Required Documents for the Transfer of Property to Heirs

For the property transfer to the heirs, the following documents need to be submitted: 

  • Certified and Turkish-translated proof of kinship and certificate of inheritance
  • Turkish tax numbers
  • a valid passport
  • personal photos

Inheritance Tax in Turkey

How Much is Inheritance Tax in Turkey?

In Turkey, when transferring inheritance of real estate, heirs are required to pay inheritance tax. This applies to both foreigners and Turkish citizens, with the same tax obligations. The payment is spread over a period of three years, with two payments due each year—in May and November.

The tax rates vary depending on the value of the property:

  • For the first 1,100,000 TL: 1%
  • For the next 2,600,000 TL: 3%
  • For the next 5,500,000 TL: 5%
  • For the next 10,900,000 TL: 7%
  • For any amount exceeding 20,100,000 TL: 10%

Can You Make a Will in Turkey as a Foreigner?

Any individual over 15 years old with a sound mind and memory can be the testator of real estate in Turkey.

The process for drafting a will for foreigners follows these steps:

  • Drafting the document at the Turkish lawyer's office in compliance with local laws.
  • Registering the will at the notary office. A translator and two witnesses, who must be Turkish citizens, must be present at the meeting.
  • The will is prepared in three copies: one for the owner, one for the notary, and one for the Ministry of Housing. 
  • The will is recorded in the Notary Service of Turkey and the Turkish embassy in the testator's country. Embassy personnel are obligated to inform the local civil registry office about the document.

Foreign citizens have the option to revoke a will made according to the rules, for instance, if they wish to make changes or updates. 

To draft a will, the following documents are required:

  • Original and translated copy of the passport into Turkish.
  • Tax identification number (TIN) of the property owner.
  • Copy of the title deed (TAPU).
  • Copies of heirs' passports translated into Turkish.
  • Three photographs of the testator.
  • Hospital statement confirming the mental health of the testator.

How Do Wills Work in Turkey?How Do Wills Work in Turkey?

In Turkey, individuals can draft a will to specify the distribution of their assets after death, similar to practices in many countries worldwide. According to the Turkish Civil Code, the will must adhere to Turkish law to be recognized legally. For a will to be valid, the testator must be over fifteen years old and possess full mental capacity. 

There are three types of wills recognized in Turkey:

  • Formal Will: Prepared and notarized by officials in a notary office in Turkey.
  • Handwritten Will: Personally written by the testator, including a complete date and the testator’s signature.
  • Parol Will: Created under extraordinary circumstances such as war or serious illness, where the testator orally communicates their wishes to two witnesses, asking them to document the will.

A will can be altered, revoked, or rewritten by the testator at any time before death, with only the latest version being considered valid.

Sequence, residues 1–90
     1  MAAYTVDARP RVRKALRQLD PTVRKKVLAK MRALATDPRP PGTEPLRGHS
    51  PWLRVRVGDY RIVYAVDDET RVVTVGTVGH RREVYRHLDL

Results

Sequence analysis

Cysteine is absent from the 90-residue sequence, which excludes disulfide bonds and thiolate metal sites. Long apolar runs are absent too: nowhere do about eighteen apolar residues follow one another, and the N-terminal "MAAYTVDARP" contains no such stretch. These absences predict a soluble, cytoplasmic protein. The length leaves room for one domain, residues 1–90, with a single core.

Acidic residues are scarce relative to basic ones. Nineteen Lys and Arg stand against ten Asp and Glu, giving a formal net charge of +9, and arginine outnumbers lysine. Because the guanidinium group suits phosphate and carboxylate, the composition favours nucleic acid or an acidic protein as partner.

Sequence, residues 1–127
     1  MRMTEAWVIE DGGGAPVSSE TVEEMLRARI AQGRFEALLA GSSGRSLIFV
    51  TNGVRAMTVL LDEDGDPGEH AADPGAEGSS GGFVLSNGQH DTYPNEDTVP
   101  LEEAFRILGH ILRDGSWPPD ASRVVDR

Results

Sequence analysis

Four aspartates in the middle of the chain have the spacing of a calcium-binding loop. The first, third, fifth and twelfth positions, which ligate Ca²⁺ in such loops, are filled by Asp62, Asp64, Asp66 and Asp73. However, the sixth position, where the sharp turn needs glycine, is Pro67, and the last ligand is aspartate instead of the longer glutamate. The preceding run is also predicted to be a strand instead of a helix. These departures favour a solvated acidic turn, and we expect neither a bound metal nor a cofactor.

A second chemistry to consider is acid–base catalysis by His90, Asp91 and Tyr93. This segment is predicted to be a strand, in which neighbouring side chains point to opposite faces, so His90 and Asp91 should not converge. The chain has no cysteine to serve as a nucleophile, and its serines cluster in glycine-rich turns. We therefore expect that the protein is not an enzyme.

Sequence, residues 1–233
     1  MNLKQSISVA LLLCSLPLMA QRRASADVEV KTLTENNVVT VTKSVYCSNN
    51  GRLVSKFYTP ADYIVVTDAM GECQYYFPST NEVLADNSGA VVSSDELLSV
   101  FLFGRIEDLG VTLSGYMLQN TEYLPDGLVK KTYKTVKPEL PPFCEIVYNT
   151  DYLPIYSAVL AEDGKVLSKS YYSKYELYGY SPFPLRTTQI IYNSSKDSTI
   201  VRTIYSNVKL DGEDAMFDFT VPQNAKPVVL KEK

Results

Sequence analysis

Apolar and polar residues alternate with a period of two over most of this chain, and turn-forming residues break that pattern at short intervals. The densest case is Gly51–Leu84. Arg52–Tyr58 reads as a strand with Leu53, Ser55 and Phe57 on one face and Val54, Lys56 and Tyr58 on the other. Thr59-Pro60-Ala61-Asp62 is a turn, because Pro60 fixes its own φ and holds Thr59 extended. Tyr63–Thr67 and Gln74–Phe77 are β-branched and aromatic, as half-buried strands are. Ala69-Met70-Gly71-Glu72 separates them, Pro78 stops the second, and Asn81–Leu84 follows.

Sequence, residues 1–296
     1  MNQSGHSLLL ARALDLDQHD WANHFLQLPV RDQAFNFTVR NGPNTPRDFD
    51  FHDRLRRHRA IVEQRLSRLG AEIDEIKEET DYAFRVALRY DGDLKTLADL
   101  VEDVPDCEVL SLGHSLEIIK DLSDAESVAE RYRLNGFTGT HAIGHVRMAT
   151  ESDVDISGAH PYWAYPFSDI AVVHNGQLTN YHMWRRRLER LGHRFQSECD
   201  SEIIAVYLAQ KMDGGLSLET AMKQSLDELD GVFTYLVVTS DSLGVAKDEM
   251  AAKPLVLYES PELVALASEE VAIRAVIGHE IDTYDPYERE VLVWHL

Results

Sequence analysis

What Happens if a Foreigner Dies in Turkey?

When a foreign national passes away and leaves assets in Turkey, the heirs must first obtain a certificate of inheritance. This involves submitting a petition in the local court where the property of the deceased is located, regardless of whether the deceased had assets or not. 

The division of the estate, particularly immovable property, is governed by Turkish law, which stipulates specific shares for heirs. In contrast, for movable assets like money in banks or valuables in safety deposit boxes, the laws of the deceased's nationality are applied.

Once the heirs are aware of all the deceased's assets, they can start the legal transfer procedures immediately after obtaining the inheritance certificate. This process includes obtaining an inheritance certificate and settling any inheritance taxes.

Frequently Asked Questions About Inheritance Law in Turkey

Q: What is the certificate of inheritance in Turkey?
The Certificate of Inheritance in Turkey is a legal document that proves the rightful heirs of a deceased person's estate. It is required to legally transfer ownership of the deceased’s assets to their heirs. This certificate can be issued by the Turkish courts.

Q: How do you receive inherited money?
For movable assets such as cars or bank funds located in Turkey, the inheritance laws of the deceased's nationality are applied. Even if a lawsuit is filed in Turkey by the legal heirs of a deceased foreign national, the movable assets in the estate are determined by the law of the deceased's country of citizenship, and the case is handled according to that country's laws. To transfer movable inheritance property and rights to legal heirs, a certificate of inheritance obtained in Turkish courts is sufficient. 

To close a deceased person's bank accounts and withdraw the funds, heirs must first obtain a certificate of inheritance. They also need an official bank statement of account balances at the date of death for tax reporting. After paying the required inheritance tax and receiving a clearance letter from the tax office, the heirs can either personally or through representatives withdraw the funds and close the accounts. If not all heirs can be present, a court may need to convert the joint ownership into individual shares.

Q: What happens to real estate estate if there are no living relatives?
If heirs do not claim their rights to real estate, the property is managed by the state for a period between 5 and 15 years. After this timeframe, the property is permanently transferred to state ownership.

Q: How to claim an inheritance in Turkey?
To inherit real estate in Turkey, an heir must first secure an apostilled document confirming their relation to the deceased. They should then consult a lawyer to obtain a court letter, which is registered at the court where the property is located. After legal proceedings, a certificate granting inheritance rights is issued. The final step is to transfer this document along with the TAPU (title deed) to the Land Registry Office to officially become the property's legal owner.

Q: Do I need to report inheritance money?
Yes, in Turkey, if you receive an inheritance, including money, it must be reported and is subject to inheritance tax.

Q: Does inheritance tax include foreigners in Turkey?
Yes, inheritance tax applies to both foreigners and Turkish citizens, with the same tax obligations.